Mt. Pleasant Striders

Mt. Pleasant Striders

Mt. Pleasant Striders

“We’re not the biggest running club,” said Harry Plouff. In fact, the Mt. Pleasant Striders may not be one of the biggest running clubs in Michigan, but in terms of enthusiasm and activities, they take a back seat to nobody.

Plouff (pronounced “pluff”) is on the MPS advisory team, serving as club historian and “Web master of the club Web site.” He was on the ground floor of the Striders’ birth, 26 years ago. He recalled that beginning, “At an early Mt. Pleasant race, too many people showed up.” Well, “too many” wasn’t bad and the race went off, but the outcome left much to be desired. “Some of us realized we needed some kind of structure” for more organized and manageable events. “A lot of us had been running for a while and had participated in races all over the state.”

“Oh, probably eight of us met at my home. We talked about [forming] a running club. But we didn’t want to compete with the big races around the state.” To gauge interest, they decided to hold “a public meeting at the local junior high.” Plouff hesitated for an instant before finishing with a bit of a chuckle, “More than a hundred people showed up!”

Now, those 26 years later, Plouff said there are “180 active members” of the Mt. Pleasant Striders. “But,” he added, “those are just heads of households. Including other family members, we have over 250 members, close to 300.”

The Strider Web site lists 18 events that are sponsored by the club. The recent Run the Mt. 5K attracted “over 200 people.”

“We wanted a family-oriented group,” he stressed. Although the fun runs are competitive, each race has an accompanying walk. For instance, he noted that the annual Dickens Run at Christmas includes the Candy Cane Crawl.

In warmer weather, on the second Wednesday of every month, the Striders host the Doozy Ice Cream series. “It’s free for Strider members and a buck for nonmembers. Everyone gets a ‘Doozy buck’ for an ice cream. It’s low-key,” Plouff explained, “but there’s some serious racing, too.”

Many of the fun runs are simply timed, with a big clock at the finish. After a race, “we sit around for hours and talk. It’s a social activity.”

The Striders organize some group runs, too. A long run, from six to twelve miles, on Sundays will attract a dozen or more people. Once a week, Monday or Wednesday, some Striders will show up at 7:30 AM for a “Max and Emily run,” the local coffee shop serving as the post-run gathering spot.

To encourage members to run in the harsh mid-Michigan winters, there is the “300 Mile Club.” Striders who run 300 miles from December through February get special recognition at the spring banquet. There is also a Winter Running Series at Max and Emily’s, where, Strider president Tracy Collins noted, members will find “running…fellowship, great coffee, and piping hot scones.”

“We have a neat relationship with CMU [Central Michigan University] and the [Chippewa] Tribe,” Plouff added. There’s a CMU representative, Kennen White, on the Strider Advisory Team.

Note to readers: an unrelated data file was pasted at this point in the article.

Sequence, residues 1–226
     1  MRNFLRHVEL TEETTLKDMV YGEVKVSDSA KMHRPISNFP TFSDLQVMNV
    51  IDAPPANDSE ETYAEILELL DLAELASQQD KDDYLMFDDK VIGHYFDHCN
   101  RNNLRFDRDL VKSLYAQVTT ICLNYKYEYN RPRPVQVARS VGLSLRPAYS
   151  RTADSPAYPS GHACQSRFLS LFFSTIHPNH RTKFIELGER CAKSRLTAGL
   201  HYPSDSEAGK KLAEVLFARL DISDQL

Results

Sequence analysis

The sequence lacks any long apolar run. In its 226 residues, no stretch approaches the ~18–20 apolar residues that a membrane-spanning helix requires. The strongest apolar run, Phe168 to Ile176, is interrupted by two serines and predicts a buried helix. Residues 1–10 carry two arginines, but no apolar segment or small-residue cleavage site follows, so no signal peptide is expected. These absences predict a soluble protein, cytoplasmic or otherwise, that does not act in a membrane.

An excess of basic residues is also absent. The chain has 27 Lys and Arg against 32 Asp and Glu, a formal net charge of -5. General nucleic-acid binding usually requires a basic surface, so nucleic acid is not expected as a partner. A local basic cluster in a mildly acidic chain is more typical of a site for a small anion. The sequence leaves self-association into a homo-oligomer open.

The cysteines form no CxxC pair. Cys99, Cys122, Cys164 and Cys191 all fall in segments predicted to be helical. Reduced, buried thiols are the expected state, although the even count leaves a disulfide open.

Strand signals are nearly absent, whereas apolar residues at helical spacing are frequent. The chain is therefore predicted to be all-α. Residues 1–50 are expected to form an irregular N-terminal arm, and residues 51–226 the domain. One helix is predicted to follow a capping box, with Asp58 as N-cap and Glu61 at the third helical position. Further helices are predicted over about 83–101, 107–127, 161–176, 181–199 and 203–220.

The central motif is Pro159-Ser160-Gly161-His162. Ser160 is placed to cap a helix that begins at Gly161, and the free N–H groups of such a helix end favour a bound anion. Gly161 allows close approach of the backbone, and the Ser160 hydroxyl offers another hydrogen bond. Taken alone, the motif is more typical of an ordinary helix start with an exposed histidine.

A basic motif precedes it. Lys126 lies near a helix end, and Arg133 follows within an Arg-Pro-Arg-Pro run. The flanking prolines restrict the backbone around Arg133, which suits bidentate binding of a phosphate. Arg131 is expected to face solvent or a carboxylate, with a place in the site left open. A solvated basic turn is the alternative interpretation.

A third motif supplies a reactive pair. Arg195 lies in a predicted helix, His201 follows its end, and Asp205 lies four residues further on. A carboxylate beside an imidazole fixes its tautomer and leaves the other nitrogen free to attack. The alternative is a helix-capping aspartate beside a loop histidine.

The Chippewa Tribe also has a representative, Walt Kennedy. “We work with them to put on two races a year,” said Plouff, the Human Race and the Run on the Reservation. The Reservation Run includes 1-mile and 5K races “and then a huge meal afterward. One of the tribal members makes awards in the shape of a huge feather; he carves them by hand!”

The Striders have their fun, but also have a more serious side, a solid commitment to running. Earlier this summer, when the heat hit Michigan, Plouff said, “We, a core of people, ran halves [at the local high school track] in 92-degree heat. We have people willing to do that.” And, the next morning, some of those runners met to get in a trail run.

Some club sponsorship comes from The Runner’s Store, known locally as “Runners.” “We wear their shirts at different races,” often running as a team at events such as the Great Lakes Relay and Dances with Dirt.

“We used to run the Randy Step races, Port Huron to Mackinaw and Novi to Mackinaw. We’d take kids’ teams from Mt. Pleasant High School. We still do Dances with Dirt and the Great Lakes Relay.” With the age handicap at Dances, “one year we finished second overall, out of more than 300 teams.”

Plouff noted, “20 or 30 of us do a lot of marathons.” As of June, he said, “I’ve done six this year.” Several Striders are aiming at two elite marathoning groups, “The 50-State Club” and “The 7-Continent Club.” Stan Curtiss (72), Brian Doty (61), Plouff (61), and his son Ben are now “working toward ‘50-States.’” There are some others, but injuries have hampered their progress.

“We travel a lot; we’re fortunate to be able to do that. We went to China and Africa together [for the ‘Continents Club]. We’re in this together. It makes it nice, especially with my son.”

Plouff, for instance, recently returned from the Inca Trail Marathon in South America, with the finish at the ruins of Machu Picchu. “It was grueling, starting at 8,000 feet [elevation] along a river. Within the first six miles, we went up to 14,000 feet. The winner, from New Zealand, finished in 6 hours and 3 minutes.” He added, “I’ve got two to go, Antarctica and Australia. I’m on the waiting list for Antarctica.”

The Mt. Pleasant Striders, all 200-300 members strong, seem to be getting it right, finding the perfect combination of fun and commitment. As Plouff echoed, “We’re not the biggest running club, but we’ve been around for 26 years.”

Strider information, including events, can be found online at HYPERLINK www.edzone.net/~mphsstr/ or by Googling Mt. Pleasant Striders.

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